Why agreeing to 30x30 can help save sharks from extinction

Richard Branson looking out over the ocean
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Published on 11 February 2021

To address our urgent biodiversity crisis, the 30x30 goal to strongly protect at least 30% of the ocean by 2030 must be achieved.

In January, over 50 governments committed to this common sense target for land and sea as the High Ambition Coalition for Nature and People. The Caribbean region continues to advance progress toward becoming a beacon of hope for the world to achieve this goal and grow our region’s ocean health ambition.

Ocean Unite
Ocean Unite

Last July, countries in the Caribbean gathered to review progress on their journey to securing protection of 20% of their marine and coastal resources by 2020 (20 by 20) during the CCI-CBF Virtual Week.

During this important discussion, I echoed the strong belief, shared by many of the region’s governments, that protecting the vitality of the Caribbean’s marine heritage is essential to its goal of becoming a climate-smart region. It would also bolster its natural defences against hurricanes and other natural disasters. A healthy ocean is the prime attraction of the region’s tourism industry. In 2016, the World Bank estimated that the annual value of the Caribbean region’s ocean economy at US$407 billion. Before the COVID-19 pandemic, the Caribbean’s travel and tourism sector accounted for more than 15% of GDP and 13.2% of jobs in the region.

Fisheries, important for providing jobs and food security, is another key sector for the region. In 2015, it accounted for over US$400 million worth of exports in Caribbean countries that trade with the European Union.

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Getty Images

However, the crushing losses and disruption brought on by the global pandemic has devastated the Caribbean region. As governments look to solutions to fuel the transition to building back better, many are looking to the ocean.

Maintaining the vitality and functioning of marine ecosystems is often very delicate and challenging. The creation of regional networks of MPAs – similar to the coastal MPA network currently being created by the Caribbean Challenge Initiative in the Caribbean – is an important nature-based response to recovery efforts and well aligned with the international momentum to embrace the science backed 30x30 call to action.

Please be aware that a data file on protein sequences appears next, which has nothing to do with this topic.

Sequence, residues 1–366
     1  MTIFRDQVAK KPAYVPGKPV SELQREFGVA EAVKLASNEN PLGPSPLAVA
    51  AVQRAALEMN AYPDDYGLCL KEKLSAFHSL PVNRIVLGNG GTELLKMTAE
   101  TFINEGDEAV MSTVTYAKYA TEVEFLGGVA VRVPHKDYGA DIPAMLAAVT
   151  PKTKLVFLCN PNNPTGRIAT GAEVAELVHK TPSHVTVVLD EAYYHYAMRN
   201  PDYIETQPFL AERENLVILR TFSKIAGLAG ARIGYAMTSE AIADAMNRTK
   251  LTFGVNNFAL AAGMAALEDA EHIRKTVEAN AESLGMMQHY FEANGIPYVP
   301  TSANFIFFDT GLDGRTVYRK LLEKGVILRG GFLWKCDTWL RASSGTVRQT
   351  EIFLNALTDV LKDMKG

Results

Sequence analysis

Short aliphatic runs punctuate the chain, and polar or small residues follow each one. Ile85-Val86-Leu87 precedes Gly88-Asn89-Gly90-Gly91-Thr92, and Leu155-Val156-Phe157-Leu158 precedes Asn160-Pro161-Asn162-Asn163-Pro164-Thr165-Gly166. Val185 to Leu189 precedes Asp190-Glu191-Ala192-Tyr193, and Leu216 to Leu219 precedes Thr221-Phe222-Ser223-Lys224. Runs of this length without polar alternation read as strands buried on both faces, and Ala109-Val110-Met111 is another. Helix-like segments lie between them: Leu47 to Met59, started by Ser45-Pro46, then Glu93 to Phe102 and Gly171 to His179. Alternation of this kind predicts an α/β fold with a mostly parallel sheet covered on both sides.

I love sharks and have long advocated passionately on the need to ensure their protection. In particular for Caribbean governments looking to nature and the ocean to deliver on solutions, ensuring the continued survival of the region’s diverse shark species is wise. Sharks are important keystone species that are essential to maintaining healthy reefs and marine ecosystems that deliver valuable socio-economic resources.

Getty Images
Getty Images

The governments of the Caribbean traditionally are not shark hunters. But, as a result of illicit fishing, including overfishing of prey species consumed by sharks and the reduction of healthy and unpolluted habitats, sharks are in crisis.

A recent New York Times article noted that scientists have analysed data indicating that the population of oceanic sharks and rays has declined more than 70% since 1970. In recent years, in addition to work toward achieving their 20 by 20 targets, Caribbean governments like the BVI, Bahamas, St. Martin and Curacao have declared shark sanctuaries and instituted shark protections in their territorial waters as a first step in protecting these incredible creatures. Long may it continue.

The precarious future of the region’s tourism industry has made ambitious actions even more necessary. As we look toward the future, the events of 2020 have challenged us to rethink how we approach models of change. We should keep looking to nature.

As John Kerry, the new US Special Presidential Envoy for Climate, said: “We cannot protect the ocean without solving climate change and we cannot solve climate change without protecting the ocean.”